Yes, there are plenty of exceptions to this generalization, but not enough to have transformational power. Which isn't so surprising: Why would you expect the upper classes to come galloping to the rescue of the lower classes?
3. Funders Overspend on Direct Services and Underspend on Policy Advocacy
The big reductions in poverty since 1960, when nearly 25 percent of Americans were poor, can be mainly attributed to successful government programs. So it stands to reason that a further expansion of government could lead to more major declines in poverty. But instead of bankrolling advocacy for that goal, most anti-poverty funders support direct services for poor people, which is helpful, but a drop in the bucket compared to the resources government can mobilize.
A few numbers: Social Security keeps around 22 million people out of poverty, while the Earned Income Tax Credit and Child Tax Credit lift another 10 million over the poverty line. Without those programs, as well as Medicare, Medicaid, food stamps, unemployment, TANF, and some other programs, and the poverty rate in the U.S. would be roughly double what it is today.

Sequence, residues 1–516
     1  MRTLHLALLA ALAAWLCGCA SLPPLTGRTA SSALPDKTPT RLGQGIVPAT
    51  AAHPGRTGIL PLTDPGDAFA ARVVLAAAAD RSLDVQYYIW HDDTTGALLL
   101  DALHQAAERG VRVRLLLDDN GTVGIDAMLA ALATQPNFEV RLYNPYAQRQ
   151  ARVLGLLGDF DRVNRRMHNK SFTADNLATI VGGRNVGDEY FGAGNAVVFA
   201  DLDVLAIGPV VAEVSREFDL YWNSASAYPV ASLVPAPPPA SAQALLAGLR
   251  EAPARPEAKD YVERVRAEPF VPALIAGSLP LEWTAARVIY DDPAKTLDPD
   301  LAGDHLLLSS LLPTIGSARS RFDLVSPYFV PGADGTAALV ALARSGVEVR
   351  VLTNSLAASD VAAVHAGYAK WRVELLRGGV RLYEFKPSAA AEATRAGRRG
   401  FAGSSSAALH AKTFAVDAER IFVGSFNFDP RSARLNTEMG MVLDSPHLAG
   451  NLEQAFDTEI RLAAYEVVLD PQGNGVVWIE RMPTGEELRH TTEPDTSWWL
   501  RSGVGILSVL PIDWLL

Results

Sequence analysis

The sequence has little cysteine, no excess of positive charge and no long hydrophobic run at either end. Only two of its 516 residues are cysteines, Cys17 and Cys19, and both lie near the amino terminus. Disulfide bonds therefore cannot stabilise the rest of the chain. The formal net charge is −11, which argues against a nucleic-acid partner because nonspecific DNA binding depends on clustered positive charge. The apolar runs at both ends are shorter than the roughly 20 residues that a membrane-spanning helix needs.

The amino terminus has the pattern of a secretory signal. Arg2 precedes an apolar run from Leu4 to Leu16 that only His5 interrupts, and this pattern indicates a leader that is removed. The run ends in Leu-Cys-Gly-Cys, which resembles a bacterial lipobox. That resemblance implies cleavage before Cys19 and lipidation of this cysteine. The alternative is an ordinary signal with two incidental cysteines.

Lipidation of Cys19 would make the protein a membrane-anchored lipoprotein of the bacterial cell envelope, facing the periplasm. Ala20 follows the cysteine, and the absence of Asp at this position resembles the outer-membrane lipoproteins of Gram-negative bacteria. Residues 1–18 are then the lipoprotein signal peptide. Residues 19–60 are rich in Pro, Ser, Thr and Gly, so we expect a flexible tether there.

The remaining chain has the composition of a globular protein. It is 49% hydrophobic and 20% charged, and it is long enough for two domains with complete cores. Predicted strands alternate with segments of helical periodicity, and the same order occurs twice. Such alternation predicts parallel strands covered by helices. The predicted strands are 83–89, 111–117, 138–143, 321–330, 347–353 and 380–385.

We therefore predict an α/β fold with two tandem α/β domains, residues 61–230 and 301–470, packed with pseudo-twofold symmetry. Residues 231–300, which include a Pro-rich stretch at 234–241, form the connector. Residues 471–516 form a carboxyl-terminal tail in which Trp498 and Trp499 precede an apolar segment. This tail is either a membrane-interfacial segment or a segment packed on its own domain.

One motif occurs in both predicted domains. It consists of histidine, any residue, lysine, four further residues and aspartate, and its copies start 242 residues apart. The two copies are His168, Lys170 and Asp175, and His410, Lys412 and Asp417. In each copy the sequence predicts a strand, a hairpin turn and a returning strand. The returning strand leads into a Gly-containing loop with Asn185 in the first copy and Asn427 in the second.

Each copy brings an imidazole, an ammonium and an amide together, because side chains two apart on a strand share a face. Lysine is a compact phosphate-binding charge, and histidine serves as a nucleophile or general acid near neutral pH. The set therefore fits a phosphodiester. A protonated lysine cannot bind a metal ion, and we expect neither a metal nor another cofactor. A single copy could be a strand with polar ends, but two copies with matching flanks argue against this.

Ideas abound for reducing poverty by expanding existing programs and tax credits, and adding new strategies, like a guaranteed income. But advocacy for these ideas, along with work defending existing anti-poverty programs, doesn't draw major support from foundations and individual donors.